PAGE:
2006 New York Yankees Top 10 Prospects

Baseball America’s Top 10 Prospects lists are based on projections of a player’s long-term worth after discussions with scouting and player-development personnel. All players who haven’t exceeded the major league rookie standards of 130 at-bats or 50 innings pitched (without regard to service time) are eligible. Ages are as of April 1, 2006.

Scouting reports for the Top 10 Prospects (Subscribers only) — Click Here to Subscribe

Chat Wrap: John Manuel took
your Yankees questions
Pre-Order the 2006 Prospect Handbook
for 30 scouting reports on every team

1. Philip Hughes, rhp
2. Eric Duncan, 3b/1b
3. Jose Tabata, of
4. C.J. Henry
5. Austin Jackson, of
6. Eduardo Nunez, ss
7. Marcos Vechionacci, 3b
8. Christian Garcia, rhp
9. Jeff Marquez, rhp
10. Tyler Clippard, rhp
Best Hitter for Average Jose Tabata
Best Power Hitter Eric Duncan
Best Strike-Zone Discipline Kevin Reese
Fastest Baserunner Brett Gardner
Best Athlete C.J. Henry
Best Fastball Philip Hughes
Best Curveball Christian Garcia
Best Slider Matt Smith
Best Changeup Matt DeSalvo
Best Control Tyler Clippard
Best Defensive Catcher Omir Santos
Best Defensive Infielder Marcos Vechionacci
Best Infield Arm Eduardo Nunez
Best Defensive Outfielder Brett Gardner
Best Outfield Arm Rudy Guillen
Team Player, Pos. 2005 Org
1996 Ruben Rivera, of Yankees
1997 Ruben Rivera, of Yankees
1998 Eric Milton, lhp Reds
1999 Nick Johnson, 1b Nationals
2000 Nick Johnson, 1b Nationals
2001 Nick Johnson, 1b Nationals
2002 Drew Henson, 3b Out of baseball
2003 Jose Contreras, rhp White Sox
2004 Dioner Navarro, c Dodgers
2005 Eric Duncan, 3b Yankees
Team Player, Pos. 2005 Org
1996 Eric Milton, lhp Reds
1997 Tyrell Godwin, of Nationals
1998 Andy Brown, of Out of baseball
1999 David Walling, rhp Out of baseball
2000 David Parrish, c Yankees
2001 John-Ford Griffin, of Blue Jays
2002 Brandon Weeden, rhp (2nd round) Dodgers
2003 Eric Duncan, 3b Yankees
2004 Philip Hughes, rhp Yankees
2005 C.J. Henry, ss Yankees

* Did not sign.

Hideki Irabu, 1997 $8,500,000
Jose Contreras, 2002 $6,000,000
Wily Mo Pena, 1999 $2,440,000
Drew Henson, 1998 $2,000,000
Chien-Ming Wang, 2000 $1,900,000

Robinson Cano proved it can be done. So did Chien-Ming Wang. The Dominican second baseman and Taiwanese righthander showed that the Yankees can develop homegrown talent and give those players a chance to earn roles in the major leagues. That's still true with a payroll that has soared past $200 million, and with a farm system that hasn't produced in recent years as it once did.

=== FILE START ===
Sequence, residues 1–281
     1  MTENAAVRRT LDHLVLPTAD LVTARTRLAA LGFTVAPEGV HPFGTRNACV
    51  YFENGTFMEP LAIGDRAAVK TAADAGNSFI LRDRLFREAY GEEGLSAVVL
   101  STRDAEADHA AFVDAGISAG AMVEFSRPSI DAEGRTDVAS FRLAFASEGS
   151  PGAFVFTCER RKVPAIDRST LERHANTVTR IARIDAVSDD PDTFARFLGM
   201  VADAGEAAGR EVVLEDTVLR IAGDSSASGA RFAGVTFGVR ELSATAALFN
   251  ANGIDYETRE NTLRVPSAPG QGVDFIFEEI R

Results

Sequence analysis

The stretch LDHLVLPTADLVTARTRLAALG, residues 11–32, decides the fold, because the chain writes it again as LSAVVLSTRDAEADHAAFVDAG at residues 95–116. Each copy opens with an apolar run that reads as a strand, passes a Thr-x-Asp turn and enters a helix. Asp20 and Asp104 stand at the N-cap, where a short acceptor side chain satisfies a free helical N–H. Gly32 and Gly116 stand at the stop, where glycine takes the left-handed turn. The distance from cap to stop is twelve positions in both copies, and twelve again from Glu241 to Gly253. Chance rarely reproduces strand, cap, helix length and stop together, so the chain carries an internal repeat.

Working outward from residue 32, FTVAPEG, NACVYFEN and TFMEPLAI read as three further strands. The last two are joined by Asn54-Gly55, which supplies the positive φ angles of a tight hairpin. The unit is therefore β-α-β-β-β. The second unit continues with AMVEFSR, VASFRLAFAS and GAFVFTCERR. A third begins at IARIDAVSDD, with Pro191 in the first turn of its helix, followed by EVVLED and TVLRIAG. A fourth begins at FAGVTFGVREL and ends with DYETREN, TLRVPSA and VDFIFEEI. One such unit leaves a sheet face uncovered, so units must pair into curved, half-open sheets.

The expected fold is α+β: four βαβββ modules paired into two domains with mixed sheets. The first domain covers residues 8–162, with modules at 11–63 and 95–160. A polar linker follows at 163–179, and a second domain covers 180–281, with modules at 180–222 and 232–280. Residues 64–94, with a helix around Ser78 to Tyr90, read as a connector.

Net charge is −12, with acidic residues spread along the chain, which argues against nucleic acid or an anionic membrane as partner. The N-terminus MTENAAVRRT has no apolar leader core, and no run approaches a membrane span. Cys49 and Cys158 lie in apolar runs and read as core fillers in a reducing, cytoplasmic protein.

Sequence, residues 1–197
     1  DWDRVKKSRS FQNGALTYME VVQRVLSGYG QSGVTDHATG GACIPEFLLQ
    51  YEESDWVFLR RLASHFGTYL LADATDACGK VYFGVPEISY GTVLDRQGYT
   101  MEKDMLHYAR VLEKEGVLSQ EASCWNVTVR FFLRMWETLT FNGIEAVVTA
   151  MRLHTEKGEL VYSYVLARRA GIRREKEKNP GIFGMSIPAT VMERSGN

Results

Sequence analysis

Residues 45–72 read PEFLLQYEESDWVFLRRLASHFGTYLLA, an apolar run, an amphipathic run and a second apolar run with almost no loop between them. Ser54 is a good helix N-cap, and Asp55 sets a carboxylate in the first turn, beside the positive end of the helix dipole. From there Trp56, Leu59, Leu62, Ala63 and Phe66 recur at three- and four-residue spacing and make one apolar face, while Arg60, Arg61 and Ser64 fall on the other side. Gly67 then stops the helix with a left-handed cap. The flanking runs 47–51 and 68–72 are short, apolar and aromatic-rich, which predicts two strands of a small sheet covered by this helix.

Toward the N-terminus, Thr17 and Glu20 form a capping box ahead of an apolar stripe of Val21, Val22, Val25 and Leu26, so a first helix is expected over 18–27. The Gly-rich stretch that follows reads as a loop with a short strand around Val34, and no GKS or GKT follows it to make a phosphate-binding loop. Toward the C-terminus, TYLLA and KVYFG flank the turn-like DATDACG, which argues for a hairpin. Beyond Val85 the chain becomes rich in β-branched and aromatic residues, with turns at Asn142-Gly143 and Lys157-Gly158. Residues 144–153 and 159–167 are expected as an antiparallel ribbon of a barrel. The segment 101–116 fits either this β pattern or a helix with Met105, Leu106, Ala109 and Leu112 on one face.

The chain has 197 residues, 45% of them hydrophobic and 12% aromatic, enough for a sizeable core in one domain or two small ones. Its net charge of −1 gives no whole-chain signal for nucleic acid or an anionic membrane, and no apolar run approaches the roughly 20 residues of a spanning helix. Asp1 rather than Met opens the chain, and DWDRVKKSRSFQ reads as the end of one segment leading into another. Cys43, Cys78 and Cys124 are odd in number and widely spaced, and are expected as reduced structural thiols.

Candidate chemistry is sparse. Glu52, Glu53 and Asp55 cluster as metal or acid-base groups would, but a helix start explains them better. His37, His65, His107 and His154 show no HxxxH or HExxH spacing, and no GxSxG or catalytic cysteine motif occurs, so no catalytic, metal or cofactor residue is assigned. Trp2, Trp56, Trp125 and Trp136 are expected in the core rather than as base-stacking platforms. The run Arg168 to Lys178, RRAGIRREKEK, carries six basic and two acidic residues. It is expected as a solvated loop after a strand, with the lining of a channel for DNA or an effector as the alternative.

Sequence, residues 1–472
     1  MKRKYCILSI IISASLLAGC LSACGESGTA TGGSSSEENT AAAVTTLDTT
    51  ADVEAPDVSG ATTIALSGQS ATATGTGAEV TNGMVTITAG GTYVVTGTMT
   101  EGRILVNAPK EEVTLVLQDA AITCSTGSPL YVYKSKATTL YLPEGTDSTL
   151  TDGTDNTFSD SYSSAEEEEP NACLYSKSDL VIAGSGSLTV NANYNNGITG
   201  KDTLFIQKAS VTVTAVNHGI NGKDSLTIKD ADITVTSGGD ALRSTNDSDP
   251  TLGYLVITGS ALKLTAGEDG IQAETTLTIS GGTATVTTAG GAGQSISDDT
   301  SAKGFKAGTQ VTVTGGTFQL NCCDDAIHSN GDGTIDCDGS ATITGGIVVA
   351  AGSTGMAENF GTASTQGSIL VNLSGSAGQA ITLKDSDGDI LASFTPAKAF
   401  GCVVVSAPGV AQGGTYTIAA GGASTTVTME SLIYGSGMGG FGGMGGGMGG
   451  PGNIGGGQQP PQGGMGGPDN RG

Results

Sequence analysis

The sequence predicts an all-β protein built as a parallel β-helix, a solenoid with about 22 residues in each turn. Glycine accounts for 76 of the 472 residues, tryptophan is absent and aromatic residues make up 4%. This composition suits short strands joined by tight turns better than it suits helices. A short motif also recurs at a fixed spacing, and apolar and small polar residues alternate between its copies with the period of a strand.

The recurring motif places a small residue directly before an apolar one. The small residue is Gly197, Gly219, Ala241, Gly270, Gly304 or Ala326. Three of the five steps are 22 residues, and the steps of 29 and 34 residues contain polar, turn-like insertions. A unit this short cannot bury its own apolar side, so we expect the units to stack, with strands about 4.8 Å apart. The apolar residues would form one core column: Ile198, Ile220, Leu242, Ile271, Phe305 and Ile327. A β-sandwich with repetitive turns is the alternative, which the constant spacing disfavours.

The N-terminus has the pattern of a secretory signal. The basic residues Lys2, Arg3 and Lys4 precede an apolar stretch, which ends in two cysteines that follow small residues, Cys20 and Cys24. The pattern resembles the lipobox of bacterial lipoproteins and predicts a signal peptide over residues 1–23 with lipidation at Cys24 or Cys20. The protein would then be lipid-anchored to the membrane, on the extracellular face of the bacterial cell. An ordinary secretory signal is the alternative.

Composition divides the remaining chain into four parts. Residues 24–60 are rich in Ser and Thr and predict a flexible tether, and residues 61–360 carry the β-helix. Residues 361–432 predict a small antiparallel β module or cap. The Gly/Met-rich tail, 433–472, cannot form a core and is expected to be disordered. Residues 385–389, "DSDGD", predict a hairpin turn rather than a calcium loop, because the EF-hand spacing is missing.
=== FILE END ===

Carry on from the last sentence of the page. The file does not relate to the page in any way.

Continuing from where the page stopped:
The homegrown core of the club that has won eight consecutive American League East titles and made nine straight playoff appearances (including four World Series titles) is still effective but aging. Bernie Williams, 37, has declined significantly and will have to make room for Johnny Damon if he wants to stay in New York. Jorge Posada, 34, has shown signs of slipping. While Derek Jeter, 31, and Mariano Rivera, 36, remain star players of the first order, they need more homegrown help, or else the payroll will continue to soar.

The Yankees continue to have the game's highest revenues—around $335 million in 2005—but their unquenchable thirst to spend appears to have abated. The New York Daily News reported the club lost between $50 million and $85 million, in part due to revenue-sharing and luxury-tax payments. Responding to reality and fan demand (New York drew an AL-record 4.09 million fans in 2005), the Yankees have raised ticket prices, with top seats fetching $110 a game.

General manager Brian Cashman was expected to leave New York when his contract ended after the 2005 season, but he and manager Joe Torre returned, extending a run of stability dating to 1997. Only Atlanta (John Schuerholz, Bobby Cox) and St. Louis (Walt Jocketty, Tony La Russa) have had greater continuity in the GM and manager roles.

Cashman and Torre will try to claim the Yankees' 27th World Series crown while holding the line on payroll, relatively speaking of course. However, the graduation of Cano and Wang to New York left the system painfully thin at the upper levels, particularly in Triple-A. Eric Duncan, No. 1 on this list a year ago, was rushed to Double-A and struggled, hitting just .235, but he rebounded with a strong effort in the Arizona Fall League while moving from third base to first. Duncan may be a big leaguer soon, and third base, thanks to AL MVP Alex Rodriguez, is taken.

While Duncan remains a good prospect, he was passed by 2004 first-round pick Philip Hughes, who symbolizes the state of the system. In the last two years, New York has added high-end prospects at the lower levels with international signings and a more aggressive approach in the draft. The organization has potential impact bats such as outfielders Jose Tabata and Austin Jackson and infielders C.J. Henry and Eduardo Nunez, as well as intriging arms in Hughes, Christian Garcia and Jeff Marquez. Loaded Yankees affiliates won championships in the short-season New York-Penn and Rookie-level Gulf Coast leagues, but most of their best talent has yet to play above the Class A level.


Scouting reports for the Top 10 Prospects (Subscribers only) — Click Here to Subscribe